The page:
He and Florian engaged in a brief war of words earlier this year when Penn claimed Florian contacted him with a warning that St Pierre would try to cheat during their fight. Florian strenuously denies the claims and brushed it off as early psychological warfare on Penn’s part.  

“That’s my only thing with Kenny, I respected him for a long time, known him for a long time, he’s come out and trained with me, but the whole thing is he texted me an email about Georges being a big ‘roider’ and a greaser and stuff. It just goes to show the kind of guy Kenny really is,” says Penn.  

As if the situation weren’t murky enough, there is the added factor of Florian going to train with GSP to prepare for Penn. “He’s hoping and he’s praying that I’m not going to be the same, after the last fight with Georges and the beating that I got in that,” says Penn. “It is some kind of BS though, because not only is he lying to me that he sent the email, but he’s also lying to Georges.”  

While Penn prepares for Florian by bringing in wrestlers and southpaw kickboxers to work with (“I’m not taking this lightly,” he says) Florian is reportedly working with top Japanese jiu-jitsu fighter Hatsu Hioki. “He might even be thinking, ‘Maybe I can try to put BJ on his back, try to finish him off,’” says Penn. “I’m sure he’s good at grappling; he’s a black belt in jiu-jitsu. If I want this thing on the ground I’ll take it there, but I’ve got other plans.”  

If Penn’s plans mean striking with Florian, he’s going to have his work cut out for him. Florian is a product of the Boston-based gym Sityodtong, led by famed Muay Thai coach Mark DellaGrotte. Penn’s striking prowess is well documented, and five of his 13 wins are by way of strikes. He even stood toe-to-toe with UFC light heavyweight champion Lyoto Machida back in 2005, losing by decision. “He punches hard, he kicks hard,” says Penn of Machida. “He’s not the biggest 205lb guy, but I guarantee you, he hits hard. He kicked me one time in the ribs, oh man...”  

That Penn went the distance with Machida is a remarkable feat in itself. Penn weighed a little over 180lb for the fight, while Machida tipped the scales at around 215lb. When they met in Japan in 2005, few Americans even knew who Machida was and Penn was widely lambasted for even wanting to fight the half-Brazilian, half-Japanese karateka.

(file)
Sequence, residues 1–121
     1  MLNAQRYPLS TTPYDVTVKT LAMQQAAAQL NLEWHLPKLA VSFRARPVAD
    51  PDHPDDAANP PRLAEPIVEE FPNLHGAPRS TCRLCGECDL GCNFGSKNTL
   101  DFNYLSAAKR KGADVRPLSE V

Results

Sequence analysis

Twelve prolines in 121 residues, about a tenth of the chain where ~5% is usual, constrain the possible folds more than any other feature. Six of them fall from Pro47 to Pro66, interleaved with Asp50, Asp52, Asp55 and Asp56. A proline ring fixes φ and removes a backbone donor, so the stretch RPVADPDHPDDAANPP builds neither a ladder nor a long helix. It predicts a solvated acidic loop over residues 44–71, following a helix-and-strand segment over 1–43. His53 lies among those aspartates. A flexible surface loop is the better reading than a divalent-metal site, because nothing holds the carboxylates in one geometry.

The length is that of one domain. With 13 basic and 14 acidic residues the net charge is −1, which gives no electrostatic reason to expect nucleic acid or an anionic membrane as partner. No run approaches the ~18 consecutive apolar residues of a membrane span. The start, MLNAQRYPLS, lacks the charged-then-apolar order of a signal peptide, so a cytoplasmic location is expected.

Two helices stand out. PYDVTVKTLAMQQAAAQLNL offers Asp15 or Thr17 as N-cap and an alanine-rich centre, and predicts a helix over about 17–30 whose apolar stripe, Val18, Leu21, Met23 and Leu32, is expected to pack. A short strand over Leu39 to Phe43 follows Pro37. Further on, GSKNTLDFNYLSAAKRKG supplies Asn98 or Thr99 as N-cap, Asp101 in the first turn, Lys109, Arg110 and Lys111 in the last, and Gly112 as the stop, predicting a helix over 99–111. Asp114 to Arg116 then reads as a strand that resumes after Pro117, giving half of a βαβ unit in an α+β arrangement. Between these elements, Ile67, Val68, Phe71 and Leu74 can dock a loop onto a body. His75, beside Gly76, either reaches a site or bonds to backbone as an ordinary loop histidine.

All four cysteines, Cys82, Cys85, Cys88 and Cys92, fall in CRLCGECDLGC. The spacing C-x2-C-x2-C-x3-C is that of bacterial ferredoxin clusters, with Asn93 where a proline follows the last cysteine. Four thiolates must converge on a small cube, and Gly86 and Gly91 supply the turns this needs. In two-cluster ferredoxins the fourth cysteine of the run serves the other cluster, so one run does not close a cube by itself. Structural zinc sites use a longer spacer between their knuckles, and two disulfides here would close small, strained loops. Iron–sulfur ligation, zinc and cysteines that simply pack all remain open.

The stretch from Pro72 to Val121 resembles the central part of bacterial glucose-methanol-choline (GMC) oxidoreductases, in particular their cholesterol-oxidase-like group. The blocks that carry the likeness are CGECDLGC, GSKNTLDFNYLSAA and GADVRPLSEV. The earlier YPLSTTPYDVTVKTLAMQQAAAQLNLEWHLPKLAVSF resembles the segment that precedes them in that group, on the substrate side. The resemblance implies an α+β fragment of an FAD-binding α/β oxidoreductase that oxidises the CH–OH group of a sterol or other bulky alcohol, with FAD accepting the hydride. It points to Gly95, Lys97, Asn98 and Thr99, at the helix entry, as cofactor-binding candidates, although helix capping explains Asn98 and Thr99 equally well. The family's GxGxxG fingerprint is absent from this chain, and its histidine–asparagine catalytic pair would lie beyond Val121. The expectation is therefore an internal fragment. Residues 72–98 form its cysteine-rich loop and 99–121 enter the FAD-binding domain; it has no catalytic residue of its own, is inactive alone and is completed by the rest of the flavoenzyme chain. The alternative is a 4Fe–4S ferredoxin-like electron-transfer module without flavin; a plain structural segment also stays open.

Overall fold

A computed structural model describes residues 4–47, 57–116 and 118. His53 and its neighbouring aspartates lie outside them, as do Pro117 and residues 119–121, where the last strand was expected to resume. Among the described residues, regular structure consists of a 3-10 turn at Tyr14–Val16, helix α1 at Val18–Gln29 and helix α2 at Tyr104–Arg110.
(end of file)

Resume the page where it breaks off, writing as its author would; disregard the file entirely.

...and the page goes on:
Now he has the UFC light heavyweight title around his waist, every UFC fan knows Machida’s name, and Penn says he is happy he’s got to where he is. “Machida’s the real deal. I like him as champion. I enjoy watching him fight, and I consider myself a fan of his.” While few predicted that Machida would win in such dominant fashion, Penn says he was one of the few who stood by Machida. “I said it! I’m the one who said it man, ‘Machida’s gonna knock Rashad out’. There he did! I think Rashad is a great fighter, I don’t know if this is the ‘era of Machida’, but I have a lot of respect for him.”  

With Machida’s ascent to the top of the UFC 205lb division, people have suddenly started talking about the martial arts aspect of MMA. Penn was awarded his black belt in Brazilian jiu-jitsu in 2000 after only three years training (which contributed to his nickname of ‘The Prodigy’) but it was Penn’s street fighting as a youngster that saw him start his journey on the path of martial arts. “I’m a fighter first, I grew up fighting and martial arts was something I did second. I love the whole martial arts aspect, I love wearing the gi, I love the black belt, I love all these different things.” So what is the difference between a fighter and a martial artist? “I guess a fighter is happy he can kick everyone’s ass, a martial artist is about the whole spiritual side of things.”